The filter and amp envelopes are what you’d expect from such an instrument and the third makes it all the more special. We really appreciate a separate envelope generator for that extra level of creative freedom. 

The envelopes themselves are similar to those of the Sub37, one of our other favourite synths, and they range from super fast and snappy to long, with a lot of extra depth from things like Loop and Latch. On top of that, and similarly to the LFOs, each of them has a destination button to quickly assign envelopes.

Where we spend most of our time with the One however tends to be with modulation. The possibilities here are endless and it is a breeze to create evolving tones that twist and warp, all the while staying controllable via a multitude of input, from aftertouch (sadly not polyphonic though) to the great XY pad. 

We have other synths with XY controls but they often fall flat, unlike the One. As with everything on the One, modulation setup can be as simple as assigning the most common controls to an attribute, or you can dive into further levels of complexity and this is where the large display really comes in handy.

One or three?

It took us a while to get used to One’s wilfully split personality but we're so glad we did. Being able to effectively make it one, two, or three separate synths is so useful. Having a sequence set up on one, a drone with a second and lead on a third makes the One a very playable standalone band in a box.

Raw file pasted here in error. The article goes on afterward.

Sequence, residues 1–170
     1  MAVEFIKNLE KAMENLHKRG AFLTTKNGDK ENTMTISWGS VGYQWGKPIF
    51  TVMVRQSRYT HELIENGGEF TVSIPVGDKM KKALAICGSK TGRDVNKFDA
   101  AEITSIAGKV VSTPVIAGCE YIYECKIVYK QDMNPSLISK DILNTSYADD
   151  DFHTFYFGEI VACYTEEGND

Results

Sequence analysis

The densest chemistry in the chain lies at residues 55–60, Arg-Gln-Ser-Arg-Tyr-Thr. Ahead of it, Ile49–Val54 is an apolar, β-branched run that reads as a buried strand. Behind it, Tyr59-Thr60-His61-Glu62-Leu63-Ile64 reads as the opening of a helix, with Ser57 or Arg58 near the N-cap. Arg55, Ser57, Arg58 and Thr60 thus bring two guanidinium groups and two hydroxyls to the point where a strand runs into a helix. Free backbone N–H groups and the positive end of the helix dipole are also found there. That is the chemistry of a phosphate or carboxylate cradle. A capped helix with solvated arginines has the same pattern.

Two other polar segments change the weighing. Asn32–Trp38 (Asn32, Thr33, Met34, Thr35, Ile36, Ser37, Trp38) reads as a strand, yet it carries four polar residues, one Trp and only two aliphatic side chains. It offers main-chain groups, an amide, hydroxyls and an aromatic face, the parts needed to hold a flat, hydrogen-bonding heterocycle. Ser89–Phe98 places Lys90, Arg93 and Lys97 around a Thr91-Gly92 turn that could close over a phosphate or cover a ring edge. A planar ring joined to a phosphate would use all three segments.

Creating multitimbral soundscapes that can be split or layered, played, or left running in the background can feel like having the best of modular, alongside the accessibility of keys for a lead at the same time, all from one instrument.

Moog One

(Image credit: Future)

One to rule them all?

We’ve not even touched on the awesome sequencer and arpeggiator, or effects. They’re not the very best available but surpass most built-in offerings and the Eventide reverbs sound wonderful. The chorus is outshone by the (admittedly limited) Juno’s, but still does a good job.

The One still looks and feels new and inspires us every day and, if it was a little lighter we'd happily gig with it. In an ideal world it would have an extra octave and the texture of the black keys could be better but we’ll forgive it all of that for its ability to spark ideas and allow us to realise them, without needing to dig around in menus, meaning we actually use it every day, and love doing so.

MusicRadar verdict: A beast of an instrument. If you could only ever own a single synth then, well, the clue is in the name.

Moog One: The web says

"It's deep but not intimidating, and it's a joy to program and play."
Sound On Sound (opens in new tab)

Moog One: Hands-on demos

Moog Music Inc

Matt Johnson Jamiroquai

loopop

sonicstate

Moog One: Specifications

  • KEY FEATURES 8 or 16 analogue voices, Ladder and state variable filters, 4 LFOs, 3 envelope generators, Pitch and mod wheels plus XY pad and aftertouch, Extensive mod matrix, Eventide effects, Sequencer and arpeggiator.
  • CONTACT: Moog (opens in new tab)